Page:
Brakes: Hydraulic disc brake – Part 1

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Hydraulic disc brakes are more powerful than cable disc brakes, and once correctly installed, will require less maintenance. A bike that has disc-brake mountings on the frame and fork will be suitable for a disc- brake system.

Cable disc brakes can work with rim-brake levers but their performance falls fractionally short of hydraulic systems. These work by compressing a fluid rather than pulling a cable. Compatible hydraulic brake levers will need to be fitted to the handlebar and brake hoses that hold the brake fluid. Disc-specific hubs will also be required.

There is no need to fasten the front hose to the fork. To direct and keep the rear hose in place, use an adapter kit to let the frame’s cable guides take hoses, because the cable hole in a standard cable guide is too small.

Tools Needed:

  • Allen key multi-tool

  • Wrench

  • Thread-locking compound

  • Utility Knife

  • Flat Screwdriver


Parts of a hydraulic disc brake

wheel quick-release; caliper; hose; disc bolt; disc

wheel quick-release; caliper; hose; Disc bolt; Disc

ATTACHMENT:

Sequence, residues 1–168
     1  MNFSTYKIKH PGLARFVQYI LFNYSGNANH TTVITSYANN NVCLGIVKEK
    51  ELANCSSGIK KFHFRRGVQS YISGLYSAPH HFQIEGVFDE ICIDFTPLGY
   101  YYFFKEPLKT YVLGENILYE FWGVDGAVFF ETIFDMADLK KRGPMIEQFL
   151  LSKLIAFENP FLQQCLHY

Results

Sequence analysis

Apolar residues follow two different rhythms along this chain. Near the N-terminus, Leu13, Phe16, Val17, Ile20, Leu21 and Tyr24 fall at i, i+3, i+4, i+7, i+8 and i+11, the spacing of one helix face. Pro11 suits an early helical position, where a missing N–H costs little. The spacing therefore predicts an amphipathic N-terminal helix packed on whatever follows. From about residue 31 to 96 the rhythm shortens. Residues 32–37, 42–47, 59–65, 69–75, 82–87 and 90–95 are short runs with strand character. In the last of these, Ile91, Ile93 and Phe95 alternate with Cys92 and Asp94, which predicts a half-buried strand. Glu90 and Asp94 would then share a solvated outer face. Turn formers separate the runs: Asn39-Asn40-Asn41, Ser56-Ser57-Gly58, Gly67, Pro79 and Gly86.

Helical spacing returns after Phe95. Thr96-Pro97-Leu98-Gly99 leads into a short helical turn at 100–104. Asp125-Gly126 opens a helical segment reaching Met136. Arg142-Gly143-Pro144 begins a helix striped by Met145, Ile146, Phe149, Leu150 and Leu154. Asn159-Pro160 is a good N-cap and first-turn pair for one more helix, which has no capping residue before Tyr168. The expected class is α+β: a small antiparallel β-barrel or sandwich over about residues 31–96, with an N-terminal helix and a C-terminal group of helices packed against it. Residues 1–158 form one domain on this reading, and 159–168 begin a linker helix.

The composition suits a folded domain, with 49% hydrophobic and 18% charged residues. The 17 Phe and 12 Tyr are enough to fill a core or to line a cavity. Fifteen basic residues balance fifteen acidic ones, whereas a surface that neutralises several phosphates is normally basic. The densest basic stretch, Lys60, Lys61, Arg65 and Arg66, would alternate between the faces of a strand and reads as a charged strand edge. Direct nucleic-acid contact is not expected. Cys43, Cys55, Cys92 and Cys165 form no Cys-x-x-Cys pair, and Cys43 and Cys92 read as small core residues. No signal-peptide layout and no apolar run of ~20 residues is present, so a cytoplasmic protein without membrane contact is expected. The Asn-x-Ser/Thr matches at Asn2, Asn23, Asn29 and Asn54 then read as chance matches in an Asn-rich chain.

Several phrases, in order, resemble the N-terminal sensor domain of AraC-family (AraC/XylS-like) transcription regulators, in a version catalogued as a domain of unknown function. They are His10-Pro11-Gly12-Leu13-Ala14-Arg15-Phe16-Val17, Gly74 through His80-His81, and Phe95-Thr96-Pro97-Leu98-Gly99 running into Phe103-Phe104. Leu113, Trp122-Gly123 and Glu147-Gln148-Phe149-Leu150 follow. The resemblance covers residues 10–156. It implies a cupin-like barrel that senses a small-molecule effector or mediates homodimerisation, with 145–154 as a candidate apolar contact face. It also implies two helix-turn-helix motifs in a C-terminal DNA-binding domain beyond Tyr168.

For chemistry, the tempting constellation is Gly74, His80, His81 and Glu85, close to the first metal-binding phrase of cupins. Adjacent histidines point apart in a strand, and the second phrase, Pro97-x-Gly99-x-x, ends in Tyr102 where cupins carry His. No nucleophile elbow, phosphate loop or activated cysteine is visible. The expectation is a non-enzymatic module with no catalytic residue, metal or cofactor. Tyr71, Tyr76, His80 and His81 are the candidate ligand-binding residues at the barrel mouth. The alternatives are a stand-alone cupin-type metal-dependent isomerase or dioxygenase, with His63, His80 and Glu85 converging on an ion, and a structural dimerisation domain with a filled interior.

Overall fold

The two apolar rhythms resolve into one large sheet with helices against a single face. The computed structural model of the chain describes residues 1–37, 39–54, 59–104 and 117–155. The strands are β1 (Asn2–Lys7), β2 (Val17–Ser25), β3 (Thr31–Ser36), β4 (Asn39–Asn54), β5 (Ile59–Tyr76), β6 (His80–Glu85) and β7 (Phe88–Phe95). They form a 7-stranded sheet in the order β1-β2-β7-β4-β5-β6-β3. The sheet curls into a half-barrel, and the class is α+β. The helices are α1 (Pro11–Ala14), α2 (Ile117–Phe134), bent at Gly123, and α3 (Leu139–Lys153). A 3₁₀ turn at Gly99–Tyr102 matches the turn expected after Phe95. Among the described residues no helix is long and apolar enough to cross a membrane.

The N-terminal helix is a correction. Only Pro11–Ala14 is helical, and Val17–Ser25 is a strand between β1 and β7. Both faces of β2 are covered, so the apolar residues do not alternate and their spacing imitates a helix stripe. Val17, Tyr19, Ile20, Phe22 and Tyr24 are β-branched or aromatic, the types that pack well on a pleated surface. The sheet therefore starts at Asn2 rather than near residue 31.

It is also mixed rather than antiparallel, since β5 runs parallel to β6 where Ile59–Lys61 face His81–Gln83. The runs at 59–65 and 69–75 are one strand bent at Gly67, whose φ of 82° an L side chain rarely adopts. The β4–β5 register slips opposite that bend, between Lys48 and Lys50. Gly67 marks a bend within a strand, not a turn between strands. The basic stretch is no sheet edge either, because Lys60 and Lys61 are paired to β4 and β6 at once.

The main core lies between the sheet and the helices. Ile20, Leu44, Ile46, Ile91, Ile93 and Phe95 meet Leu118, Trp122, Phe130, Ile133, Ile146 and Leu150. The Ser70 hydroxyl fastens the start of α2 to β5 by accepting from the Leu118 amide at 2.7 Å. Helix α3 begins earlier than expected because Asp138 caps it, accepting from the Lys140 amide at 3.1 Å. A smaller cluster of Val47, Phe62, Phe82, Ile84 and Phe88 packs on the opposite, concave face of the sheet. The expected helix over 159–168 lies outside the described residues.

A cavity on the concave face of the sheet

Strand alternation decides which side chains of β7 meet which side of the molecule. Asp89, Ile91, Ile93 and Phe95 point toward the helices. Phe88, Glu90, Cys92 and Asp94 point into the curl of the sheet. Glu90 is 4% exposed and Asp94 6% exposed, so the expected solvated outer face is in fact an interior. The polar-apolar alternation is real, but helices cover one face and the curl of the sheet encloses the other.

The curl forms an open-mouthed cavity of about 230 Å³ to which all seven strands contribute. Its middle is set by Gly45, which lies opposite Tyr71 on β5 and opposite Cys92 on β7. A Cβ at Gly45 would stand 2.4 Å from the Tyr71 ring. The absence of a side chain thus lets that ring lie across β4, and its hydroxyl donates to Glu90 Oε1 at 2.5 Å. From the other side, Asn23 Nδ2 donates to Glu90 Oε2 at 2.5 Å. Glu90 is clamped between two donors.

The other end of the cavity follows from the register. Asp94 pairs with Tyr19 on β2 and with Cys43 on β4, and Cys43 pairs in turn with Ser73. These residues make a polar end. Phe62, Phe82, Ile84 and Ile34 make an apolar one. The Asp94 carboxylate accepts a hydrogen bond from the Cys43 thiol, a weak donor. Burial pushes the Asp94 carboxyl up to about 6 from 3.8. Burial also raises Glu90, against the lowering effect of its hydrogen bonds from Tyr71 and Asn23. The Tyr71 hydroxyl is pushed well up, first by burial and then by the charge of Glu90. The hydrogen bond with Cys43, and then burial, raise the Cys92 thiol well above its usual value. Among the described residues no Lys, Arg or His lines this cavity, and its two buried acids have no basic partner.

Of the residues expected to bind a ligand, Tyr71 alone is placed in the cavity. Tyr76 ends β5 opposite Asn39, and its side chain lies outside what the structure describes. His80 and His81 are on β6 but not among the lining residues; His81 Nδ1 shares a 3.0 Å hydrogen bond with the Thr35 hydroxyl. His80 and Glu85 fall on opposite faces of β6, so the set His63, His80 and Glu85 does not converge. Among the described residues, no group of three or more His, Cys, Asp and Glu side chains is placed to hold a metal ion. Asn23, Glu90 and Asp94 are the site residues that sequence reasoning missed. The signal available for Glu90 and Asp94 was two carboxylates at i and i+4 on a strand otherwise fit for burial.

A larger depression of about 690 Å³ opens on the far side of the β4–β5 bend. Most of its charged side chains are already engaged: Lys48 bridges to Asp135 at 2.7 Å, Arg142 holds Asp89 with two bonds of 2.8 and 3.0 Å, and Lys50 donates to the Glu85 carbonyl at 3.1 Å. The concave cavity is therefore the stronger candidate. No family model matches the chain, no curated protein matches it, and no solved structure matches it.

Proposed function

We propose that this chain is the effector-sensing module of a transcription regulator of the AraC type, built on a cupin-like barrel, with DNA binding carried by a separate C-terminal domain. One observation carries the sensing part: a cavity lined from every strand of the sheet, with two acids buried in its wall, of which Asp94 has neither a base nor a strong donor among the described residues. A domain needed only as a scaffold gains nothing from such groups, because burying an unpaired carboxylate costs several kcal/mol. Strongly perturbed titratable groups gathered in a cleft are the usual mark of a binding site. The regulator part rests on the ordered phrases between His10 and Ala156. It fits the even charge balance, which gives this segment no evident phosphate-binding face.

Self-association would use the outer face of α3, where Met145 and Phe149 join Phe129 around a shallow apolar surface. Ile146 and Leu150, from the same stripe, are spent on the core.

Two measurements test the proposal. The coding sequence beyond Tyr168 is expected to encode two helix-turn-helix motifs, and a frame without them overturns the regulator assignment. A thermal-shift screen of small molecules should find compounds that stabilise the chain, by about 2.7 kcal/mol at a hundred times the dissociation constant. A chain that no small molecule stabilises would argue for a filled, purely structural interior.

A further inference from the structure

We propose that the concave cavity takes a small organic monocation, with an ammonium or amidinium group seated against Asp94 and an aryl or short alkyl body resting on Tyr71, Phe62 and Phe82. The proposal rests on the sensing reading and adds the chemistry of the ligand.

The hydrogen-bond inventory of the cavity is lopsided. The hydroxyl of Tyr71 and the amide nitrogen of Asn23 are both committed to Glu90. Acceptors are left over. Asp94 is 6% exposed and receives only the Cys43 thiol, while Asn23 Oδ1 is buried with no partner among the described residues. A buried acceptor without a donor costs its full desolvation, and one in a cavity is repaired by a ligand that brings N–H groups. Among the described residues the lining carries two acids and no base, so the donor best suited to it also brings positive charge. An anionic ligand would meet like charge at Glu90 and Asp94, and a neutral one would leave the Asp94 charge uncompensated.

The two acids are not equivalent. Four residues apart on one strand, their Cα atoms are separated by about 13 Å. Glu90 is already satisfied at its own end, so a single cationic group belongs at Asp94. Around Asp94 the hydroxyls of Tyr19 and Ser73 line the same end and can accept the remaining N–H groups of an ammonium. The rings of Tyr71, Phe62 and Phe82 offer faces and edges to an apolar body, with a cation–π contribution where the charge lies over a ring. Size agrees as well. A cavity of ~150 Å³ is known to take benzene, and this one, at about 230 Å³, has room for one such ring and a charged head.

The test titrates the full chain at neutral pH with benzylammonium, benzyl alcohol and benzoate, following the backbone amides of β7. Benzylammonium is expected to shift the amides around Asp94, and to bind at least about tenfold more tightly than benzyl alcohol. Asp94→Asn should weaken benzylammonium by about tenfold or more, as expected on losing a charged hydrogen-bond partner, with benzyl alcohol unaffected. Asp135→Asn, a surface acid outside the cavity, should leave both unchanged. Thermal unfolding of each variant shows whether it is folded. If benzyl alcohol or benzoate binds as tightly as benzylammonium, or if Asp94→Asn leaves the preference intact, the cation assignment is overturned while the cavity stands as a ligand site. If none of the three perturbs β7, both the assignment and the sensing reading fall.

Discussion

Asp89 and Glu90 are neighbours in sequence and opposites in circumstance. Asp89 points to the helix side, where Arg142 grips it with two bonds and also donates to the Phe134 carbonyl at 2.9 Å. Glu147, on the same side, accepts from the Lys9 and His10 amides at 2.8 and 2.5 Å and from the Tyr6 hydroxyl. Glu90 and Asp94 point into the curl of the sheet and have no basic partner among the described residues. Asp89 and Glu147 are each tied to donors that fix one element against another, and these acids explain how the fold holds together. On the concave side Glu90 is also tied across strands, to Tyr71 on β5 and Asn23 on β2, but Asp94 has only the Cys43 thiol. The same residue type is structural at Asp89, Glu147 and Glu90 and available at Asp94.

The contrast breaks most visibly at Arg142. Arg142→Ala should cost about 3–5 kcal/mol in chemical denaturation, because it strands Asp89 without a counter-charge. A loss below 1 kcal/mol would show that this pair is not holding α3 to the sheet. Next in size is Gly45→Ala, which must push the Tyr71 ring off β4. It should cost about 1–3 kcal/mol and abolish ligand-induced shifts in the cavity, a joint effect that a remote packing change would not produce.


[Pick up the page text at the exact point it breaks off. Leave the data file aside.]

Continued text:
Installing a hydraulic disc-brake system

1. Fit the caliper using the Allen bolts and washers provided.

  • Switch the washers around to pack out each caliper in order to line it up with the disc.


  • Apply a thread-locking compound to the threads, then fix the disc to the hub using the disc bolts.

2. Cut the hose of the hydraulic system if it is too long by following Steps 3-7.

  • Take out the brake pads first and replace them with a spacer. The caliper used here is a demonstration model with no hose attached.

3. Mount the brake lever onto the handlebar and secure with the clamp bolts.

Unscrew the aluminum shroud located where the hose joins the brake lever and move it out of the way. Pry open the brass olive beneath with a flat screwdriver.

4. Move the brass olive along the hose and out of the way.

  • Pry the hose off the brake lever joint with a flat screwdriver, but be careful not to damage the lever joint. At the same time, gently pull on the hose to detach it.

5. Carefully cut off excess cable from the detached end of the hose with a sharp knife. Keep the olive and the shroud on the part of the hose that you will be reconnecting.

6. Join the hose to the brake lever by inserting it into the lever joint. Push it home firmly, but not too hard, since this can split the hose.

  • Hold the hose upward as you work to keep brake fluid loss to a minimum.

7. Squeeze the olive on to the hose at the lever joint to make a good seal.

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